‘In their generation’ (by which I understand the Lord to mean ‘in their dealings with one another’ or ‘with reference to their own interests’) the men of this world are very quick to adopt the best ways and means of attaining their earthly objectives.

Such men, whose interests are bounded by the horizons of this world and who have no interest either in heaven or in God, are foolish enough in the choice of their goals, but they are astute enough when it comes to the pursuit and attainment of their goals – just as was the unjust steward. And to that extent, we who claim to aim for higher things and eternal riches have much to learn from them.

Verse 9. We can see at a glance that this verse is couched throughout in the language of the preceding parable.

The words ‘I (emphatic) say to you’ introduce our Lord’s application of the parable to His hearers in contrast to the words of the earthly lord which He had reported in the previous verse. In brief, just as the steward’s wisdom consisted in his adroit use of the goods which were available to him only for a brief time so as to secure his future and lasting benefit, so we, by the proper use of that ‘mammon’ which is at our disposal now (but which will soon fail us), can secure for ourselves lasting treasure in heaven.

‘Make to yourselves13 friends’, the Saviour said, but clearly ‘not fickle friends of the sort that the prodigal son is said to have made’, Luke 15. 13, 16.14 Do not, that is, use your wealth to build larger barns as the rich fool in chapter 12,15 nor to build some sumptuous palace as the rich man in the second part of this chapter.16 Invest your riches rather in works of mercy – in providing aid and succour to the poor and destitute – in effect, in helping the Lazaruses of this world.17

‘By (‘by means of’, ‘out of’, ‘with the help of’) unrighteous mammon’. The word ‘mammon’ was used in a semipersonified sense to signify earthly goods, especially riches, money.18

It is possible that ‘mammon’ is described here as ‘unrighteous’, not because it is inherently bad, but because it is tainted by the unrighteous attitudes and actions which the pursuit of money often engenders, frequently being acquired unjustly (dishonestly19) by unjust men, to then be used for unjust and corrupt purposes or hoarded in an unjust manner. Such earthly possessions have the mark of an evil world stamped upon them. Alternatively, the Lord may have used the word ‘unrighteous’ simply to indicate that He had in mind ‘earthly and material’ wealth. Note His use of the identical expression (‘unrighteous mammon’) in verse 11, where it stands in contrast to ‘the true riches’, in the same way that, in verse 12, ‘what is another man’s’ stands in contrast to ‘what is your own’.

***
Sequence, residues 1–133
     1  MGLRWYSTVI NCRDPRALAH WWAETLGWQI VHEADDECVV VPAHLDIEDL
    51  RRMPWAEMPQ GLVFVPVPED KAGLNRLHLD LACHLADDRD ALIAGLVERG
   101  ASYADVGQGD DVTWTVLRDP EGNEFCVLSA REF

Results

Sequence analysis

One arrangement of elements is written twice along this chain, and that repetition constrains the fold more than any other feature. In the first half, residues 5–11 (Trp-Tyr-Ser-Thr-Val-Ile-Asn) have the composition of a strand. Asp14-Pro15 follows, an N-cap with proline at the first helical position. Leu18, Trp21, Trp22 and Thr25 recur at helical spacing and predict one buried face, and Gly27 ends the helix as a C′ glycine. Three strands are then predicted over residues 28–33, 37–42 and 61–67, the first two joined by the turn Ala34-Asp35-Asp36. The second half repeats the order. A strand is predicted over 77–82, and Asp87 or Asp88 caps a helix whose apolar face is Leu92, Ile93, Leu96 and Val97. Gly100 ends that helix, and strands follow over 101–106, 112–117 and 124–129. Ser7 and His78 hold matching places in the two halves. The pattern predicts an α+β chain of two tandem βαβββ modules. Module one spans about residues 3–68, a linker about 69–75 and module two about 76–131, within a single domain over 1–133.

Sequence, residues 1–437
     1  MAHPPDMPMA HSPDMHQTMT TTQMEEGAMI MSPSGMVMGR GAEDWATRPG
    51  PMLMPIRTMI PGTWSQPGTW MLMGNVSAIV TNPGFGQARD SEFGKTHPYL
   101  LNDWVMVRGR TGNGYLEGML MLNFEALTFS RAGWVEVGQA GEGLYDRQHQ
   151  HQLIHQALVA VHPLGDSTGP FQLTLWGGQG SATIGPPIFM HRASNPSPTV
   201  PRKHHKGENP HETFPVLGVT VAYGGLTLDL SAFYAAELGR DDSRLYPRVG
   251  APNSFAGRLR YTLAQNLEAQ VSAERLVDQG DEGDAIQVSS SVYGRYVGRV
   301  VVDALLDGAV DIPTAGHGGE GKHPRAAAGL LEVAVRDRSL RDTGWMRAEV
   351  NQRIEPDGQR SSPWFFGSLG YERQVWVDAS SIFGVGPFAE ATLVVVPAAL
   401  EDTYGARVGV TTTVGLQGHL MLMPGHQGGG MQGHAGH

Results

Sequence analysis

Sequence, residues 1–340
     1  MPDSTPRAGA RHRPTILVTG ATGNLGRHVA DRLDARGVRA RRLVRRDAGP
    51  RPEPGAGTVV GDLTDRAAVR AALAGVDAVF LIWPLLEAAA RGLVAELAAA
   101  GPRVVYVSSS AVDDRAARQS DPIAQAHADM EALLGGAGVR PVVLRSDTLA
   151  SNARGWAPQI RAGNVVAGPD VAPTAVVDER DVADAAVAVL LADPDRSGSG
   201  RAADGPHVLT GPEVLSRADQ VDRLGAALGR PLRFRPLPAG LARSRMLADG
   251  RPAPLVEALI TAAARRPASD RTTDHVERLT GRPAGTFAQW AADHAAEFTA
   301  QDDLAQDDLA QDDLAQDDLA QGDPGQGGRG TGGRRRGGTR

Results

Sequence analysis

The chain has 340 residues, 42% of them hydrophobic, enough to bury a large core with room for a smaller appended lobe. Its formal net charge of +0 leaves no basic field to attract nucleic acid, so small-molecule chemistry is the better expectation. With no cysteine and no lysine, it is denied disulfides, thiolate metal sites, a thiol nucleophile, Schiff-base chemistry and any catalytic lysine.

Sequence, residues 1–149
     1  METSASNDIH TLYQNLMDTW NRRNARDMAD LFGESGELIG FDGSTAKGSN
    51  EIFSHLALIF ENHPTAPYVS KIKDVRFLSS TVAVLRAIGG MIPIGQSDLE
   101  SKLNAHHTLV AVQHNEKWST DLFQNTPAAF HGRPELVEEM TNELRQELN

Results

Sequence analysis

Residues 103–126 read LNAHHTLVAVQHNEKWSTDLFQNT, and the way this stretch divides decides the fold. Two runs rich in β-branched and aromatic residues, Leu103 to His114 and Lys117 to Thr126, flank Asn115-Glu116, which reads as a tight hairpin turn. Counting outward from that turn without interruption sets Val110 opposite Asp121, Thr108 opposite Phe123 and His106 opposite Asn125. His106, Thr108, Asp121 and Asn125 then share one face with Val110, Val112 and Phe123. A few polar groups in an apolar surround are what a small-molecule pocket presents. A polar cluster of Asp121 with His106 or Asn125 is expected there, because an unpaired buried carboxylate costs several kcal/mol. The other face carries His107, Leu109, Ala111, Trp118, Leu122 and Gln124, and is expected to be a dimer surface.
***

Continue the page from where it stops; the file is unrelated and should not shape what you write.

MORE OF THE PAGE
Note also that the correct translation reads, ‘when it fails’, and not ‘when you fail’ (as in the NKJV). Our Lord was referring to that time when earthly wealth and possessions will cease to be of any use or value to us. Certainly, the time will come when our riches and our money will fail each one of us; ‘for we brought nothing into this world, and it is certain we can carry nothing out’.20

We are simply stewards, and the Lord requires us to put to good use on earth that which one day will necessarily fail us so that one day we shall reap the benefit of it in heaven. That is, with the same foresight shown by the steward in the parable, we are to turn to our own and eternal advantage the very same wealth which the unrighteous use to further their own ends.

There can be little doubt that our Lord’s words ‘that … they may receive you’ was a well-known idiom which should be understood in an impersonal way, namely, ‘that … you may be received’.21 Therefore, there is no need for us to speculate as to who the ‘they’ might represent.22

The expression ‘everlasting habitations’ (literally ‘eternal tents’ or ‘eternal tabernacles’) stands in deliberate contrast, I suggest, not so much to the temporary homes of the debtors within which the prudent steward secured himself a place,23 as with the transitory nature of all our earthly goods.

In summary, an accurate rendering of verse 9 would be, ‘And I say to you, make to yourselves friends by means of the mammon of unrighteousness; that, when it fails, you may be received into the eternal tabernacles’. Our Lord’s teaching was then very much in line with the words of Solomon, ‘Whoever is generous to the poor lends to the Lord, and He will repay him for his deed’.24

No doubt many are familiar with the saying of Jim Elliot, one of five missionaries martyred in Ecuador in 1956, ‘He is no fool who gives what he cannot keep to gain that which he cannot lose’.25 But I guess that not so many know that, in his journal, Jim Elliot followed those words by quoting Luke chapter 16 verse 9!

Interestingly, Philip Henry, who lived back in the 17th century,26 was credited with a very similar saying. In the biography which he wrote of his father, the notable Bible commentator Matthew Henry, recalled his father’s acts of charity, adding that he used to say, ‘He is no fool who parts with that which he cannot keep, when he is sure to be recompensed with that which he cannot lose’.27

Indeed, some 1300 years before Philip Henry (and some 1600 years before Jim Elliot), Augustine (the so-called ‘Church father’), clearly with Luke 16 in the background, had written not dissimilar words: ‘Give those things to the poor which you cannot keep, that you may receive those things which you cannot lose’.28